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By The Hedge Tom Killingbeck , January 14th, 2011 08:26

Upon listening to the mordant jangling of this offering from the gloomy Brooklyn duo, you can't help but feel it should have been released a few months back, such is its bleak evocation of the onset of winter. Having hobnobbed his way into the blogosphere through associations with similarly morose lo-fi bedfellows Dum Dum Girls and Girls (it's refreshing that the band doesn't have the word 'girls' in its name, thank Cthulhu), this debut LP sees songwriter and instrumentalist Sean Kilfoyle making concrete the vision of his often nebulous project.

Along with skeletal waif Amalie Bruun, he's collected a somewhat convincing set which should manage to surf the swirling hype. Bruun seems to be the essential ingredient here – By The Hedge would be a lot less beguiling without her soothing yet haunting presence, wavering over Kilfoyle's staccato guitar like the lost child of one of Ivo Watts-Russell's beloved 4AD banshees. The 80s dream pop wave is clearly a source of inspiration here, and comparisons to the gladioli-swinging likes of The Drums also seem a bit off, as the duo clearly have far darker, more bewitching intentions.

That's not to say its fair to lump them in with the ever increasing, disparate vortex of witch house artists either – Minks may indulge in the chipped black nail varnish of the online craze, but theirs is very much a retrospective indie-pop band. They manage to channel gothfathers like Clan of Xymox with the early thin, spindly sound of The Cure, all recorded within painstakingly accurate Sarah Records-era acoustics. With this in mind, the duo could easily undermine themselves should their tunes not compete with those of their ancestors.

Thankfully, on the whole, they manage to get away with it. Opener 'Kusmi' is a highlight from the off, its distant keyboards and softly glum melodies easing the listener gently into their soundworld, a narcotic buzz that conjures images of beautiful dead people in swimming pools at parties in the 80s. Despite an almost self-parodic level of miserablism – song titles include 'Cemetery Rain' 'Funeral Song' and 'Ophelia' – a deftness of touch ensures that the ship usually manages to steer away from cliché-ridden waters.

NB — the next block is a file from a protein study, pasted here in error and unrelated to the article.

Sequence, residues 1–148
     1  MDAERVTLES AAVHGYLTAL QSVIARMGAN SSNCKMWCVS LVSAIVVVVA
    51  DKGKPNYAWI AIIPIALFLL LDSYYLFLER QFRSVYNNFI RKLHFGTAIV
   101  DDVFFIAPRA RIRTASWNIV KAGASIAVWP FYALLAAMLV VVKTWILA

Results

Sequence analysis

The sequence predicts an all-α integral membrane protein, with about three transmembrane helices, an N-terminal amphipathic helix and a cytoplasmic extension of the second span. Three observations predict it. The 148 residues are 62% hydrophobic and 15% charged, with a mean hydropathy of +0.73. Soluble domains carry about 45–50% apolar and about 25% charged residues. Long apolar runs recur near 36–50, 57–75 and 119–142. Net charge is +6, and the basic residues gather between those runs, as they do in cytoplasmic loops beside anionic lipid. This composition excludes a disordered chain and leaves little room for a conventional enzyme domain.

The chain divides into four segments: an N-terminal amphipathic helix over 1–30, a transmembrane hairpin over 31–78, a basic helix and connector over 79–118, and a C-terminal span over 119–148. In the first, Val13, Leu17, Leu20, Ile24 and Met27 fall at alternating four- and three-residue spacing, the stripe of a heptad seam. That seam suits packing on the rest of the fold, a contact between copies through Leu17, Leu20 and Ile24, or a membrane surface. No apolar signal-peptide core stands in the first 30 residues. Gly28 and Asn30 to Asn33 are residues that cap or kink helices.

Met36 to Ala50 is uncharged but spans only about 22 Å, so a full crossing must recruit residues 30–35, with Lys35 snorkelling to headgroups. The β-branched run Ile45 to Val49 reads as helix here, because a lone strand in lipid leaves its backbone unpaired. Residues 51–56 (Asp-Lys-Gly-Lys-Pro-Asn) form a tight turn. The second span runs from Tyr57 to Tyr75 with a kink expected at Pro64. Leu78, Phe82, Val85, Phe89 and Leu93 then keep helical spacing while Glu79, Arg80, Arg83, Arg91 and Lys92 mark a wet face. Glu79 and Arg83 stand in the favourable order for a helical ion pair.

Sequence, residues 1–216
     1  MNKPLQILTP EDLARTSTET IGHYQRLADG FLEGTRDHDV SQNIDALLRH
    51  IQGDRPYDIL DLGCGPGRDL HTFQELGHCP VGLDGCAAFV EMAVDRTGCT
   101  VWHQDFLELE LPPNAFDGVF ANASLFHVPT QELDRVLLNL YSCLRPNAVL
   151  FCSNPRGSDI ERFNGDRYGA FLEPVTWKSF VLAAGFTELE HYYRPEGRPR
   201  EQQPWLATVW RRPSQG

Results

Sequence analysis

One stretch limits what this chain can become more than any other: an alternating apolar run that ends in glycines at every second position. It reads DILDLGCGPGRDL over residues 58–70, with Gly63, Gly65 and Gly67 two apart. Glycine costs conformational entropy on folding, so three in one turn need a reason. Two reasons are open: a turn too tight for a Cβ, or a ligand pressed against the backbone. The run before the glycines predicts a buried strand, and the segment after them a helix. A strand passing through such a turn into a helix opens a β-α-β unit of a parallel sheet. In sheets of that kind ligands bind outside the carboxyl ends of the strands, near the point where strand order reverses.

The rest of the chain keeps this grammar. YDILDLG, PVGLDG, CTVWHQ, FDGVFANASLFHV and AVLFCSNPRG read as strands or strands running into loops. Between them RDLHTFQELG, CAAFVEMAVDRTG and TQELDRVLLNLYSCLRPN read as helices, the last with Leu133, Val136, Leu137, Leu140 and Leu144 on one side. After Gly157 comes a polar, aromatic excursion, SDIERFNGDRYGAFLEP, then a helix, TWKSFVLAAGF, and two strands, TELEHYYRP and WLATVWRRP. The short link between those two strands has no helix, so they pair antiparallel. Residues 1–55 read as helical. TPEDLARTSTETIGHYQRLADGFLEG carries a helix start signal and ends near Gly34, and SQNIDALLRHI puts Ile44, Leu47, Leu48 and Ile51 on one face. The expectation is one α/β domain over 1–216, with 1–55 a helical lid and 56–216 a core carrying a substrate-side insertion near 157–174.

'Funeral Song' in particular, is peculiarly evocative, shimmering melodies and buried vox planting depressing memories in your mind that you never thought you had. Its chorus – "So long, summertime / Not coming back" is quintessential rainy-day verse, perfect for pondering to while lying in a cold bath and staring out the window at the slate-grey Victorian sky. It's rather bewildering that the two hail from Boston via super-hip Brooklyn; such is the overbearingly English kitchen-sink despair of it all. This is a band whose stiff upper lips have gone numb.

While the album does present a clutch of beautifully formed, stillborn little pop songs (the aforementioned 'Ophelia' and 'Arboretum Dogs' among them) some material simply doesn't stand up to repeated examination. The jangly noodling of 'Indian Ocean' proves the foolhardiness of attempting instrumentals when you're a lo-fi bedroom goth outfit, while 'Boys Run Wild' drowns itself in its own reverb. That said, there are gorgeous moments peppered throughout, where a bashfully heartbreaking little chorus or a Belle et la Bête trading of harmonies will take your breath away. Unfortunately, it's hard not to feel that the marketplace for this sort of thing is groaningly oversaturated, particularly while more established bands like Crystal Stilts are doing more wonderful things in the same soundworld. In amongst these murky waters there's something really quite fascinating stirring; it's just a pity that sometimes this record seems, like the false and dismal memories it plants in your brain, half-formed.

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